H syndrome is an autosomal recessive genodermatosis with reports dating back to the last decade. This syndrome is caused by mutations in the SCL29A3 gene. The clinical characteristics of this syndrome consist of dermatological manifestations, including hyperpigmented, hypertrichotic, and indurated patches and plaques. It affects various systems by causing heart anomalies, hepatosplenomegaly, hypogonadism, and low height.
This is the case of a 19-year-old girl from the northwest of Iran who was born of a cousin marriage. The primary manifestations included low height, underdeveloped secondary sex characteristics, and typical dermatological manifestations. This patient was examined mostly because of digestive and endocrine problems and thus had not been subject to extensive dermatological examinations until the skin biopsies mirrored manifestations similar to histiocytoses (e.g., Rosai-Dorfman disease and granuloma annulare). The patient was eventually diagnosed with H syndrome by a dermatologist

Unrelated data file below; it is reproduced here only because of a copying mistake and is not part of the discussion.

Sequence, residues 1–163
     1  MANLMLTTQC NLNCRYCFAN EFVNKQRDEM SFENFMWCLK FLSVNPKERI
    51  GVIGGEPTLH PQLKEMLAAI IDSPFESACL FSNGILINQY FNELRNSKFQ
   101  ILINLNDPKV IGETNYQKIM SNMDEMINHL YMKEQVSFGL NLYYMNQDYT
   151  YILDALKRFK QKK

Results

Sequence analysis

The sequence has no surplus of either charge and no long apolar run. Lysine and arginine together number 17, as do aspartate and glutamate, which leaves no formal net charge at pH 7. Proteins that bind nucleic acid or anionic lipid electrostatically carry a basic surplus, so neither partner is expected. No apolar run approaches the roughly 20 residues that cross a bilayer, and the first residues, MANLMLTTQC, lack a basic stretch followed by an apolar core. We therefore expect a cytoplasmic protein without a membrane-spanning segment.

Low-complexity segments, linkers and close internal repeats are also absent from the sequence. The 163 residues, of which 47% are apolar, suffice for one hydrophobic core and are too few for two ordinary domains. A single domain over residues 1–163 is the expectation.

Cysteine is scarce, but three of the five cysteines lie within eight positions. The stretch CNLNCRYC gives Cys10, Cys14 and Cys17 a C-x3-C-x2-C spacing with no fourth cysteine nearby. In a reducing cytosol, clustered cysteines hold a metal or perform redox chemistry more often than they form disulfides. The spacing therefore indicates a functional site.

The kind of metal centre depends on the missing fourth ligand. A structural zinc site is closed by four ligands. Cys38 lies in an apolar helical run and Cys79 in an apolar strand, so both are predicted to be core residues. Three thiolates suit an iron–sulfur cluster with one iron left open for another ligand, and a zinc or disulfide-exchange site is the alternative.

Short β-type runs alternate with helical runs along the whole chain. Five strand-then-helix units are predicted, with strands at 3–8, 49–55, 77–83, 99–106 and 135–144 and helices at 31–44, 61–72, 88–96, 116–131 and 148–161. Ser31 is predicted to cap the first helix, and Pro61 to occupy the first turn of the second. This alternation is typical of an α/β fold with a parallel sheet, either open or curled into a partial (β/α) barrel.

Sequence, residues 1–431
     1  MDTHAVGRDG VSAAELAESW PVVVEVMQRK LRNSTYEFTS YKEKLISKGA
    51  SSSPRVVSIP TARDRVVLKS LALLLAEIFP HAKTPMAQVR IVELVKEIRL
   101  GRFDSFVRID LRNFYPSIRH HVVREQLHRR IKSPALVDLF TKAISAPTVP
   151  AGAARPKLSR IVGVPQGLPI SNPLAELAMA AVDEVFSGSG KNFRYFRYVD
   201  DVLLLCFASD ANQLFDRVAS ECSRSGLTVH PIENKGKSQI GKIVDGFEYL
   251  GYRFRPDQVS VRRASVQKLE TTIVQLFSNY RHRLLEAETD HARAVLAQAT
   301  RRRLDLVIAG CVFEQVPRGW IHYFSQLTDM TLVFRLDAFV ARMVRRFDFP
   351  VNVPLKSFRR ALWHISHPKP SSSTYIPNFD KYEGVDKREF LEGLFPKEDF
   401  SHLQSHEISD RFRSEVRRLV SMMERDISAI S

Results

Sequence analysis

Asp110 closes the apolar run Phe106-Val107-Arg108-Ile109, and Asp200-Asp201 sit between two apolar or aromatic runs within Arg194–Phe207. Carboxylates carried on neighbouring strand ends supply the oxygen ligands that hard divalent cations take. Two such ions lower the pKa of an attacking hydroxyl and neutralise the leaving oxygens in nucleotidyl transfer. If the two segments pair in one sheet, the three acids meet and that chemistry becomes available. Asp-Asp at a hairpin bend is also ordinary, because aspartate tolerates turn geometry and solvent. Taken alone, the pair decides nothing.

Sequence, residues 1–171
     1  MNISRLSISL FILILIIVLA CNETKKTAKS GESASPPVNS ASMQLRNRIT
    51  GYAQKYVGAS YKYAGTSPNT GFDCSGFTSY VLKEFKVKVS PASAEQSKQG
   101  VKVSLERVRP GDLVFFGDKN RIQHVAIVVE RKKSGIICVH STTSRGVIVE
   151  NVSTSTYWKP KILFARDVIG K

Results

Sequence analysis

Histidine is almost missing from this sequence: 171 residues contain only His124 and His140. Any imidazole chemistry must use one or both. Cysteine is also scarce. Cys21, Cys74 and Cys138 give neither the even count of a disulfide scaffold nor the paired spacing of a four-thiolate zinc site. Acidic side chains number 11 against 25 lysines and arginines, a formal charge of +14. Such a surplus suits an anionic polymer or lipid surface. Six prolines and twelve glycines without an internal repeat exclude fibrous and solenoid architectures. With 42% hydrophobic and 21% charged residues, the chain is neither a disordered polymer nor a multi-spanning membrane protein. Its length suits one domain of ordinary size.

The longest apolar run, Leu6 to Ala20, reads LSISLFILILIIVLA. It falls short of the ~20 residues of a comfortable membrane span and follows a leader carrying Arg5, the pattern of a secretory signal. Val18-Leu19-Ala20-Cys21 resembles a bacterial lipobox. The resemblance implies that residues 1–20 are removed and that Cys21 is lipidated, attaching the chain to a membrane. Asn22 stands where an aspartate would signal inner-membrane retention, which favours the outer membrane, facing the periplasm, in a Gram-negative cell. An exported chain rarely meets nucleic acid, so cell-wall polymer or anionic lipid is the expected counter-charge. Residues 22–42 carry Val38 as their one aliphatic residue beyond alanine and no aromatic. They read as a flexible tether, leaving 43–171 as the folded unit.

from the clinical symptoms.
H syndrome is an autosomal recessive genodermatosis that affects different organs and is diagnosed by a set of typical and systemic cutaneous symptoms and biopsies. In this patient, an endoscopic examination of the upper gastrointestinal tract was carried out due to reports of anemia. A biopsy of the atrophic duodenum region revealed the existence of coeliac disease. However, the comorbidity of coeliac disease and H syndrome has not been previously reported.